Transient Ischemic Attack (TIA)

A transient ischemic attack (TIA) is a brief episode during which parts of the brain do not receive enough blood. Because the blood supply is restored quickly, brain tissue does not die as it does in a stroke. These attacks are often early warning signs of a stroke, however.

Stroke is the fifth-leading cause of death in the United States and the leading cause of adult disability.

Symptoms

A TIA starts suddenly, like ischemic strokes. The difference is that TIAs last only 2 to 30 minutes.

Symptoms may include:

  • Sudden numbness or weakness of the face, arm or leg, especially on one side of the body
  • Sudden confusion
  • Sudden trouble speaking
  • Sudden trouble seeing in one or both eyes
  • Sudden trouble walking
  • Sudden dizziness, loss of balance or coordination
  • Sudden, severe headache with no known cause

TIAs are sometimes called “warning strokes” and tend to happen multiple times. In many cases, TIAs are followed by strokes, usually within a year of the first attack.

 

Causes and Risk Factors

TIAs may be caused by a variety of factors, including:

  • Narrowing of the arteries, usually caused by atherosclerosis. This is when fatty material builds up and hardens on an artery wall. This material can break off and get lodged in smaller blood vessels in the brain.
  • Cerebral artery stenosis
  • Spasms in the walls of the arteries
  • High blood pressure
  • A lack of oxygen in the blood flowing to the brain, which can occur when a person is severely anemic, has carbon monoxide poisoning or has leukemia or polycythemia, a condition that produces abnormal blood cells and clotting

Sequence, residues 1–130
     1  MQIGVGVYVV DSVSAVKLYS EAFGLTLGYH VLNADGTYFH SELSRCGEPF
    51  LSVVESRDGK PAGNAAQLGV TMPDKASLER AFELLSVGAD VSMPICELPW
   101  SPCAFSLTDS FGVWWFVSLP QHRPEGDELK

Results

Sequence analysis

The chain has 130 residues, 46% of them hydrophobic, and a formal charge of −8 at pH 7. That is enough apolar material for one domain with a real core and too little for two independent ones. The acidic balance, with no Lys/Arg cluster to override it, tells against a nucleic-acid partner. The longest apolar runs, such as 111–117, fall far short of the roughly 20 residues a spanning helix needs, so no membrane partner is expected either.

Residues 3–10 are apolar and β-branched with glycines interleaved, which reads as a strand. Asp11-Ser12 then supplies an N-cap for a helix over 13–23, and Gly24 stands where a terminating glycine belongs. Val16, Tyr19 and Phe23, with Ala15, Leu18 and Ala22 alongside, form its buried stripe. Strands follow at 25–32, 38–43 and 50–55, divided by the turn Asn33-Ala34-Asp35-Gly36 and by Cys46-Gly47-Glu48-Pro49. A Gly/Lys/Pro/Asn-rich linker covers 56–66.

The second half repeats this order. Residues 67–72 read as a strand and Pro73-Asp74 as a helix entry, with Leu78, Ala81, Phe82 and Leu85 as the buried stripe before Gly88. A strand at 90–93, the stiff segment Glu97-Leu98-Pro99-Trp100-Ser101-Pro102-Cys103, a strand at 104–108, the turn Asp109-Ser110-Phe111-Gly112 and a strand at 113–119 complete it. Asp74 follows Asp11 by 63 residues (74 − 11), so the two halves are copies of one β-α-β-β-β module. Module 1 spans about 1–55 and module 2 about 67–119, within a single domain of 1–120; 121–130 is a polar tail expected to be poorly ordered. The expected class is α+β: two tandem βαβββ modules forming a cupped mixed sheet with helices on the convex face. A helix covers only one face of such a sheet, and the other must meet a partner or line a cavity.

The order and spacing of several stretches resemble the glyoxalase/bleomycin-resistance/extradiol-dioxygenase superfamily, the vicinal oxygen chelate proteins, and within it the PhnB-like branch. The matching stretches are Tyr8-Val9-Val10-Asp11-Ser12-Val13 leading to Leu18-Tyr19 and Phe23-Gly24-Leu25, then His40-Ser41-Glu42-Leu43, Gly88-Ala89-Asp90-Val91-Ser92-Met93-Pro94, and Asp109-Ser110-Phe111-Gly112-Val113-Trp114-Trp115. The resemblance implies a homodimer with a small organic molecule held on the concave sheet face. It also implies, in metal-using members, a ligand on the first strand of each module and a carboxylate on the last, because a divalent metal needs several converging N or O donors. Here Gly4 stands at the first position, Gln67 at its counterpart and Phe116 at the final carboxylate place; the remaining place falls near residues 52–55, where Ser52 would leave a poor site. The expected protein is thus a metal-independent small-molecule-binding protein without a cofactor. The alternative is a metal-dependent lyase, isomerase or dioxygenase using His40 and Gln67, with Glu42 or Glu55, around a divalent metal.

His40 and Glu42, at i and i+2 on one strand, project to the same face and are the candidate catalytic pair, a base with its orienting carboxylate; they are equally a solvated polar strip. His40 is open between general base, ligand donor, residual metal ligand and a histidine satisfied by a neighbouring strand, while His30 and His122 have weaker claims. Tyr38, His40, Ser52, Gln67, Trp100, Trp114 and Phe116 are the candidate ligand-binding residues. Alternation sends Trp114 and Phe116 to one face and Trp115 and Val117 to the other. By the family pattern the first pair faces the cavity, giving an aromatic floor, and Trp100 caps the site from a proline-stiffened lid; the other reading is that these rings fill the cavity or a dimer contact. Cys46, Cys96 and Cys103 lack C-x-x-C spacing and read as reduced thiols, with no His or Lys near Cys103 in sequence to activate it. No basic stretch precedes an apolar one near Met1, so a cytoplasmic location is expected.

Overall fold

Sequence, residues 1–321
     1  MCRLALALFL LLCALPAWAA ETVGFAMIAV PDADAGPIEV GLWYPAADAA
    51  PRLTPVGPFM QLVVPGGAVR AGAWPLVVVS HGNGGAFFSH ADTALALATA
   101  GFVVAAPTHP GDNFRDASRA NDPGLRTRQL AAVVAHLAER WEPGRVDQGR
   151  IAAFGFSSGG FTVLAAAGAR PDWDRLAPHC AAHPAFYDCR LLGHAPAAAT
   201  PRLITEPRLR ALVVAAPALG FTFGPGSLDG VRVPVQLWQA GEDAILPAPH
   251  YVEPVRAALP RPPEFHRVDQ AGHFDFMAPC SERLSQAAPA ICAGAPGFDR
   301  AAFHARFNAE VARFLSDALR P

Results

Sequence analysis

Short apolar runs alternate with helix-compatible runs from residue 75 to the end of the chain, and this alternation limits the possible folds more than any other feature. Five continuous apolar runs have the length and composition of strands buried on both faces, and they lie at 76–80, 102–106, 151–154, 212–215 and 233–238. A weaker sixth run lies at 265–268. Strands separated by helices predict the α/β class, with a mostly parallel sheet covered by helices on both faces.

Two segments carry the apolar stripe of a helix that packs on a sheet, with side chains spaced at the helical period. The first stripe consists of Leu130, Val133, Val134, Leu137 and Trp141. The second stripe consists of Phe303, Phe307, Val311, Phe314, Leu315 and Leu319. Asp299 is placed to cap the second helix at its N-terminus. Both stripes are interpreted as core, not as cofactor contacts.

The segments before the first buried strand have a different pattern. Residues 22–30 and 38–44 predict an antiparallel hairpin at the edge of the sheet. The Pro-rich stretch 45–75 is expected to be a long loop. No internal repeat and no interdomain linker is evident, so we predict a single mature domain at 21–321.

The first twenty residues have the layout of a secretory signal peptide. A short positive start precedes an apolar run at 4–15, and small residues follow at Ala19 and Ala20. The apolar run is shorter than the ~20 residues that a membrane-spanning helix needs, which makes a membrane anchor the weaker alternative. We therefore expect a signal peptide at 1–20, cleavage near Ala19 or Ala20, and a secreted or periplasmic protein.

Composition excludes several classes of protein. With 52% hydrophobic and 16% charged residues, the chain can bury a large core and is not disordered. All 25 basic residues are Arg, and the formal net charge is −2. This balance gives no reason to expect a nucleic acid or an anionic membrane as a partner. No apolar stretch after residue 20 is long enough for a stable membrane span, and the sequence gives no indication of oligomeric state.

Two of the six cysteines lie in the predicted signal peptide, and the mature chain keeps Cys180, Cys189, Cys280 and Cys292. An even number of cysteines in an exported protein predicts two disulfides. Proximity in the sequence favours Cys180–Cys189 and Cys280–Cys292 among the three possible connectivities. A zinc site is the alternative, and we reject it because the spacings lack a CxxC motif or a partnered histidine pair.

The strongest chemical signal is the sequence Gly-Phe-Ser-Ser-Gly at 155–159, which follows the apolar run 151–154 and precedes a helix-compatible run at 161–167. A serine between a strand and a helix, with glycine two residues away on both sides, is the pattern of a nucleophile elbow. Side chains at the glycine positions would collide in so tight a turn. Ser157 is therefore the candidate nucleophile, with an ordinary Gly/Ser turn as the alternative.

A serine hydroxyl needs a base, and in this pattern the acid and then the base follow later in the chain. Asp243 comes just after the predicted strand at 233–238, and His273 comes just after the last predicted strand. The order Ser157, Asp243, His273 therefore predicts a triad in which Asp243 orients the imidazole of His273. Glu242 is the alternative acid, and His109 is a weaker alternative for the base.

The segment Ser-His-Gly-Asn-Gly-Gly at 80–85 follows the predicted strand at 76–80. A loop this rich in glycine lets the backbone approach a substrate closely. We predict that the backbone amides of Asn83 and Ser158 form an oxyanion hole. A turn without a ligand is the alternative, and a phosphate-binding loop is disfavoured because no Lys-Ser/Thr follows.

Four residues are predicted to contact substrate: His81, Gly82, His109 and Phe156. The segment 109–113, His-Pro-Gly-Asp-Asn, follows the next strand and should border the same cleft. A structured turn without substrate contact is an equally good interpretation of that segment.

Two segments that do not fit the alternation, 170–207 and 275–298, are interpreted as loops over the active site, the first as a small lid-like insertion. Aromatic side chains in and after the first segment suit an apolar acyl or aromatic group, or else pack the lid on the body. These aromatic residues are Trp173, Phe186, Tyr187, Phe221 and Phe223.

Diagnosis

Many disorders such as seizures, tumors, migraines or abnormal blood sugar levels, may provoke symptoms similar to those of TIA. While the suddenness of symptoms suggest clues about which area of the brain is affected, careful evaluation is necessary.

Imaging tests, such as computed tomography (CT) or magnetic resonance imaging (MRI), are useful in diagnosing stroke and seeing which parts of the brain are damage. However, they are not useful for diagnosing TIA, because TIAs do not typically cause permanent damage that can be seen once the attack is over.  

Several techniques can be used to confirm TIA if the blockage occurs in one or both carotid arteries. Diagnostic techniques include:

Carotid duplex imaging to assess the health of the main arteries carrying blood from the heart to the brain

Treatments

Treatment of TIAs is aimed at preventing stroke. The major risk factors for stroke are:

Eliminating or reducing these risk factors is the first step in preventing strokes.

Other approaches to treating or preventing TIA may be used depending on the cause of the attack. If the cause is carotid artery stenosis, treatment may include a procedure to open the artery known as carotid artery stenting or another procedure known as carotid endarterectomy

If the attack was caused by a blood clot, medications can help break up the blood clot and prevent future clots. This may be as simple as an aspirin a day, or it may mean taking anticoagulants, such as heparin or warfarin.

A neurosurgical procedure known as endarterectomy may be considered if more than 70 percent of the blood vessel is blocked and the patient has had stroke-like symptoms in the past six months.

The goals of treatment are to prevent life-threatening complications that may occur soon after stroke symptoms develop, prevent future strokes, reduce disability, prevent long-term complications and help the patient get back as much normal functioning as possible through rehabilitation.